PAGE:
One of the most egregious examples comes at the end of the opening parkour chase sequence. In the script (and in the movie) Bond breaks into the Nambutu embassy in an effort to capture a bomb maker only to be cornered by a group of soldiers with automatic rifles. Frustrated, Bond drops his gun and releases the bomb maker.
In the movie, Bond then whips out a second pistol and shoots the bomb maker in the heart and a gas tank behind the soldiers, incapacitating his enemies just long enough to make his escape. In a moment that defines the new, darker James Bond, he kills an unarmed assailant. It reminds one of Han Solo shooting Greedo in the STAR WARS cantina.
Unfortunately, in the script, the writers went on-the-nose to try to justify Bond’s actions. Check out this passage:
The goal of giving the bomber this dialogue is two-fold: 1) to give the audience more reason to accept Bond shooting him and 2) to give Bond an okay one-liner. But ultimately, this writing of the scene comes from the exact same mindset that made George Lucas have Greedo shoot first in the STAR WARS re-issue — the hero needs to be retaliating, never instigating. I can’t express how glad I am Campbell cut this out and kept Bond cold.
Let’s keep on the subject of that opening chase sequence — that is the best opening chase in James Bond history. Why? One can point to the use of free-running, the beautiful construction site setting on the shores of Madagascar, and the structure of the chase being Bond chasing rather than being chased. But the most important reason this scene stands out is that it is constantly informing the characters. The chase is a great “Tortoise and the Hair” scenario with the bomber being much faster and more agile while the slower Bond keeps up with his intelligence and resourcefulness. You have to remember — CASINO ROYALE was the first Bond film without Pierce Brosnan in over ten years. We didn’t know who Daniel Craig’s Bond would be or how he’d be different. This opening chase scene gives us everything we need to know.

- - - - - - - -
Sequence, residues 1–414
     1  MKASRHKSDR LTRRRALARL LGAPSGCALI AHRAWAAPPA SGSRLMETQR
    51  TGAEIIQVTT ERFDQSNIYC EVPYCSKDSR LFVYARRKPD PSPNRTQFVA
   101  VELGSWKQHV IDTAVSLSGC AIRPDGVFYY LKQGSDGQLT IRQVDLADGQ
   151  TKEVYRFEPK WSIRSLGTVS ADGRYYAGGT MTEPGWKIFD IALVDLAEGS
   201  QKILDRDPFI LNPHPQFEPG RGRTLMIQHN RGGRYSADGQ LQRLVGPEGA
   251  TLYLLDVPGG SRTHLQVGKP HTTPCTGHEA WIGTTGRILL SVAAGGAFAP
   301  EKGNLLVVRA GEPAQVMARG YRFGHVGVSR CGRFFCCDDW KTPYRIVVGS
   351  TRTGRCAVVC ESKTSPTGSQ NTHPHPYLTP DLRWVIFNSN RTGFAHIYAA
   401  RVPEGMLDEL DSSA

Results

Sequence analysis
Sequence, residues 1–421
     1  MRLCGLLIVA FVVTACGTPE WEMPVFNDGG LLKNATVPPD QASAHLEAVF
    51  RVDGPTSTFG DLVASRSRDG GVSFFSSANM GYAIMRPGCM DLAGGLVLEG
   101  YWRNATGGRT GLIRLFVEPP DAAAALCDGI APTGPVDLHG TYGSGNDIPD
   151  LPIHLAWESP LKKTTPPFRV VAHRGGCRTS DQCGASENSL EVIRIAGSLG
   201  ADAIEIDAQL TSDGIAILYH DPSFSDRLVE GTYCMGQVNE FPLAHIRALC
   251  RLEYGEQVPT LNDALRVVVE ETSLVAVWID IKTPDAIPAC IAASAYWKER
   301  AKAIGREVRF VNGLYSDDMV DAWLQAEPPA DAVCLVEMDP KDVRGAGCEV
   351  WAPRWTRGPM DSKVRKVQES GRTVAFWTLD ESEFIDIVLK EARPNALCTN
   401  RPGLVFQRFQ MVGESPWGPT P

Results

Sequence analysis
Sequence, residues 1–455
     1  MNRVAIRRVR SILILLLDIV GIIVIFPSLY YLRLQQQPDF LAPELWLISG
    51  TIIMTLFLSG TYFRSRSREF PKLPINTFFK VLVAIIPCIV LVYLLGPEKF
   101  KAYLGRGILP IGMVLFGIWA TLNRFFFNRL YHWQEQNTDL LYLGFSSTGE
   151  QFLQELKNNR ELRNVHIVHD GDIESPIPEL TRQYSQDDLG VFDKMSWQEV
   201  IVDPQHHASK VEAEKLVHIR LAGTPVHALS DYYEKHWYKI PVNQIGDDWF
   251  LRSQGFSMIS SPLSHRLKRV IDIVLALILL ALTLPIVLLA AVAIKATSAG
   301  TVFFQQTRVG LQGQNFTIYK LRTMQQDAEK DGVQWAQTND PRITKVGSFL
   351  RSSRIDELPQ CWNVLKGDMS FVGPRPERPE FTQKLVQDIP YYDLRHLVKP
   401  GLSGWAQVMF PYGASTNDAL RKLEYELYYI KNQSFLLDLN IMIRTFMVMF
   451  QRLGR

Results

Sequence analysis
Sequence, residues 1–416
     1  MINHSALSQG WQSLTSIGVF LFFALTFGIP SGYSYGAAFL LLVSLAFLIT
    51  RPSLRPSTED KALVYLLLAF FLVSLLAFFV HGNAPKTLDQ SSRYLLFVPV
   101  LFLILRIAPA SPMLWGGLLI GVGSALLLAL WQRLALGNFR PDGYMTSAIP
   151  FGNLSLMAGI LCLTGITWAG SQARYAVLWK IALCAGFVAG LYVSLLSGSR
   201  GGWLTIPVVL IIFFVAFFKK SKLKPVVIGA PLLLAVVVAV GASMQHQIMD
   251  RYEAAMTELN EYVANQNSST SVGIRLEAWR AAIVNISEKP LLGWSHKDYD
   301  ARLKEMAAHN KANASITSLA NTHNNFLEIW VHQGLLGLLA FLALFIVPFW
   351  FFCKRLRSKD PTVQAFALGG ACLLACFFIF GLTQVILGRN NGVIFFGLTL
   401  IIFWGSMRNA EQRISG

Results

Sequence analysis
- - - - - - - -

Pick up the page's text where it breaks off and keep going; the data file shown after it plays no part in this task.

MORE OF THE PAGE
Getting back to the script, by and large the writers’ work on CASINO ROYALE was fantastic. I haven’t yet had the chance to read Ian Fleming’s novel, so I don’t know how much of the dialogue was directly lifted from the text, but the writing really shines in the scenes between Bond and Vesper Lynd, in particular their first meeting.
The dialogue in this scene stands out from the rest of the script, but not in a negative way. It reads and sounds like the great film noir CASINO ROYALE was meant to be. It is perhaps the one scene where we get a glimpse of what the whole script would’ve been like had Quentin Tarantino written it as he desired.